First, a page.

You're watching bipolar in focus, I'm Jane Pauley.
Sadly, it's not uncommon for people in depressive or manic states to damage intimate relationships.
An often difficult but healing aspect of recovery can be to make amends to loved ones. It's a complex and delicate process.
Dr. Robert Leahy is the Director of the American Institute for Cognitive Therapy. And thank you for joining us. Making amends is not just good advice. This is therapy.
That's right. Making amends is part of getting better as it is with any problems that the people have that affects other people.
Being willing to say to somebody, "Here's the problem I have. I would like you to understand it. I hope you can forgive me."
Bipolar has certain signature symptoms that are people often are making amends for. What are some of them?
Well, the hallmarks are acting out sexually, spending money you don't have, being very irritable, aggressive, being inappropriate, being overly silly.
These kinds of things are a part of the illness. These are the signs of mania.
Shame and guilt are often warranted for some of the mistakes and the wreckage that an episode can leave behind.
People who are bipolar often have a great deal of guilt. Part of it is due to being depressed.
Whenever anybody is depressed, they are vulnerable to feeling guilty, even if they haven't done anything to feel guilty about. The other part of it is what people do during their mania.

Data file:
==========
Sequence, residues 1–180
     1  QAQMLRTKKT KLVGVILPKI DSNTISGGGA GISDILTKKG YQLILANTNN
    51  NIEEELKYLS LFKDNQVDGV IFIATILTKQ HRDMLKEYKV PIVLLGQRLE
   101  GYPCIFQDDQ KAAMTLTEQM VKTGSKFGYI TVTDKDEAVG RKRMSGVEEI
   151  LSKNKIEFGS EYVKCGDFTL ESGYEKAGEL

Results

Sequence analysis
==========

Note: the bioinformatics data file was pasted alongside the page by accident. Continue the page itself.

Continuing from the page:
In therapy, you can also leverage shame and guilt to a positive outcome. How does that work?
You feel regretful about the things that you did when you were manic acting out sexually, you're spending too much money, you're being highly irritable.
You feel that regret for a short period of time, five minutes. Now how do we turn that regret into a learning curve?
What did you learn from that experience that you can make use of in the future?
How is that going to motivate you to make sure you take your medication that you catch your mania or your depression unraveling?
And so that you can get the help that you need early. Turn your regret into learning and to motivation.
Making amends includes asking forgiveness. And what if the person you're asking forgiveness declines to give it?
Well, maybe you have to forgive them for not forgiving you. And part of it is understanding that some people don't understand bipolar, yet. Maybe they'll forgive you later.
The most important thing is you've taken that initiative to be honest with him, ask them to forgive you and maybe to help you cope.
It would seem likely to start with learning to forgive yourself.
That's right. You need to forgive yourself because you didn't decide to have bipolar disorder. It's something you were born with that happened to you.
Forgiving yourself helps you actually get better. It helps you cope. It helps you say, "Okay, given that I have bipolar disorder, what can I do to make things better in the future?"
Dr. Leahy, thank you again.
And thank you for joining us on Bipolar in Focus.